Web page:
During this Jubilee Year of Mercy, we have been reflecting on what mercy means and how to live it out. At the core of the call to mercy is our respect for the dignity of every person made in the image and likeness of God. As a gift from God, every human life is sacred from conception to natural death.
We learn our values most profoundly in the context of relationships and families, and the value of human life is one I absorbed from a very young age. You see, my older brother George was born with Down syndrome. Older than me by five years, George began to live with me after my mother’s death, and I became his guardian until his death 12 years later in 2002.
In the era in which I grew up, Georgie was lovingly included into our family, our Church, and our neighborhood. In fact, when he was unable to attend school after seventh grade (there was no special education in those days), my friends and I would bring school work home and “teach” him what we learned that day.
Because of this life experience, I developed a passion for protecting the life of the unborn and the dignity of those with physical or developmental disabilities. Life experiences often lead to a particular interest in certain issues.
I know individuals who champion the abolition of the death penalty because of their work with death row inmates.
Others have experienced the injustice of discrimination and have devoted their lives to working on issues of racial justice.
I’ve met refugees who have turned their attention to those newly arrived in our nation because they want to give back what they received.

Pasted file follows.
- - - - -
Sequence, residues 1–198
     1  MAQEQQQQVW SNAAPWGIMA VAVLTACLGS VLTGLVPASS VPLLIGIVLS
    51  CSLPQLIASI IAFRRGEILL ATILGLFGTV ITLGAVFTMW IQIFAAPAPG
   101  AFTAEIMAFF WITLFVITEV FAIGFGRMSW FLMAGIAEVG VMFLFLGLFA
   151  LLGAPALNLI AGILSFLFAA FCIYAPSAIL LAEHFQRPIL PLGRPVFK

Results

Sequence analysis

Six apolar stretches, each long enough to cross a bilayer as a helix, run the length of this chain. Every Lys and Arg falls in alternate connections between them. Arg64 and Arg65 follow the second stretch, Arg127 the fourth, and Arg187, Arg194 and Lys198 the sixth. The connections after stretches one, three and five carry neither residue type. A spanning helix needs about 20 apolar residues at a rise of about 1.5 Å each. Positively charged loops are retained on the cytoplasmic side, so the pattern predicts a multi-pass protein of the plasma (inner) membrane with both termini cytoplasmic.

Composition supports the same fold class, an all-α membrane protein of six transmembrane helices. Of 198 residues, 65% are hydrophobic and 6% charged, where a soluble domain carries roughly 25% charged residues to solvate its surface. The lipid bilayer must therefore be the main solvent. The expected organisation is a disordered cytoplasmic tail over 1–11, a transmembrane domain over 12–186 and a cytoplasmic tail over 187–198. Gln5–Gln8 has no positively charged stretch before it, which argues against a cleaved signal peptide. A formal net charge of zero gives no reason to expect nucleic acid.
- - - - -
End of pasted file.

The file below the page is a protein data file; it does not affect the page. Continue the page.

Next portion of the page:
During this Year of Mercy, we hope to promote a deepening of life experiences and passions by focusing on the totality and interrelatedness of life issues and the foundation of these issues in Catholic social teaching.
Several of our offices have joined together to provide this opportunity through the Archdiocese of Louisville Life Conference “Moved by Mercy,” on Saturday, Oct. 22.
One of the goals for this Conference is to unite and involve those whose deep commitment and passion span the spectrum of human dignity issues, from abortion to the death penalty to immigration to racism.
Another goal is to provide inspiration and formation for all parishioners, with the hope that they might be motivated to join in this important work, especially through our social concerns and respect life committees on the parish level.
I will provide the keynote. The conference also will feature witnesses who will share their personal stories of experiencing and giving mercy in the context of four life issues: abortion, the death penalty, immigration and racism.
The conference will be held at St. Michael Church, 3705 Stone Lakes Drive in Louisville, and will begin at 8:30 a.m. Lunch will be provided by the Common Table Culinary School of Catholic Charities, and the Conference will end with Mass. We will conclude at 2:30 p.m.
There is a nominal cost of $30 (with a married couple fee of $50 and a student fee of $20), and you can register at www.archlou.org/life.
I would love to see the conference filled with those who have been involved in life issues as well as new faces of those who may not be as informed about these issues or who are looking for new ways to get involved in parish ministries.
Personal invitation is most effective. So I challenge those of you working on your parish respect life and social concerns committees to come to this conference and personally invite another parishioner to join you. Learning and praying together along with others from parishes throughout our archdiocese is a very powerful experience.
Through the intercession of St. John Paul II, whose feast we will celebrate on Oct. 22, let us join together to promote the dignity of life and to channel our passion and enthusiasm into building a culture of life. I hope to see you on Oct. 22 at St. Michael.
Archbishop Joseph E. Kurtz